The United States Is Not a True Democracy: An Argumentative Essay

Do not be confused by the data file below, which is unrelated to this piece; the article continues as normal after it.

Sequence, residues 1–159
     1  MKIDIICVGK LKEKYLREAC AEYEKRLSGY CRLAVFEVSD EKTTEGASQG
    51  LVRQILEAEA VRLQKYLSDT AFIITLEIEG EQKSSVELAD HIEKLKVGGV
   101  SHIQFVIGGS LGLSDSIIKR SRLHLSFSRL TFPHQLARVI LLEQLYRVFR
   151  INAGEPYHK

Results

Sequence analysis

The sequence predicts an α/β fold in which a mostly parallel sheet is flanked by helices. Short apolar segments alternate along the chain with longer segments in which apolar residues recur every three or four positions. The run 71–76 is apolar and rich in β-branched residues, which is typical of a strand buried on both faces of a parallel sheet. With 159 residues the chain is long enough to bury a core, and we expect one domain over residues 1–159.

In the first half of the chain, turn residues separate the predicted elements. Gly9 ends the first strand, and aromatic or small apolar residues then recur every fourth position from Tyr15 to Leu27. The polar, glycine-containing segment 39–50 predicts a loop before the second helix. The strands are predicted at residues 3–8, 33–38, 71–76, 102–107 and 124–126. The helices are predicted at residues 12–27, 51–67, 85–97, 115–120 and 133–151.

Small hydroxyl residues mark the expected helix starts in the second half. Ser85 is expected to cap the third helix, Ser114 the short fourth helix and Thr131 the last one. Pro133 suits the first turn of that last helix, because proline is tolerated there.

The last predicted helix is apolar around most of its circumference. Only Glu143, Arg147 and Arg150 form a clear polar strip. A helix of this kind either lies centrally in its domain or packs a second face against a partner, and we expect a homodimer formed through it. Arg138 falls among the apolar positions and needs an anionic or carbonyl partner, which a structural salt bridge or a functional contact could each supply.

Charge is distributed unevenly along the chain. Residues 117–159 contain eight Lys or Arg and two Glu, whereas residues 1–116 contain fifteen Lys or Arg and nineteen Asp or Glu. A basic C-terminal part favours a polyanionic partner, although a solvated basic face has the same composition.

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In all actuality, the United States is not a true democracy. This is largely due to the fact that many of the people in the country do not take part in its political process, choosing instead to merely function as spectators and consumers. There is a very finite number of people who actually do take part in this process certainly no more than 50 percent (in a liberal estimate) and probably limited to approximately 25 percent most of the time. When one considers this aspect of the extremely limited form of U.S. democracy due to the circumscribed involvement of the majority of its citizens, it means that essentially the country's future, and that for the rest of the world, will be determined by a small, select group of individuals typically the ones financing campaigns and ensuring that measures representing their interests are enacted. In essence, then, an oligarchy will determine the future of the country and that of the rest of the world. The issues that framed the 1992 election were concerns about the economy, the rapidly shrinking middle class, and a growing sense of frustration that Americans felt about the effectiveness of the big political parties and the government in general. Bush lost this election because of the intervention of third-party candidate Ross Perot, who took some key votes, and due to the fact that the economy was still recovering from Reaganomics and was not as good as people wanted it to be. The effects of the Cold War on U.S. foreign policy were

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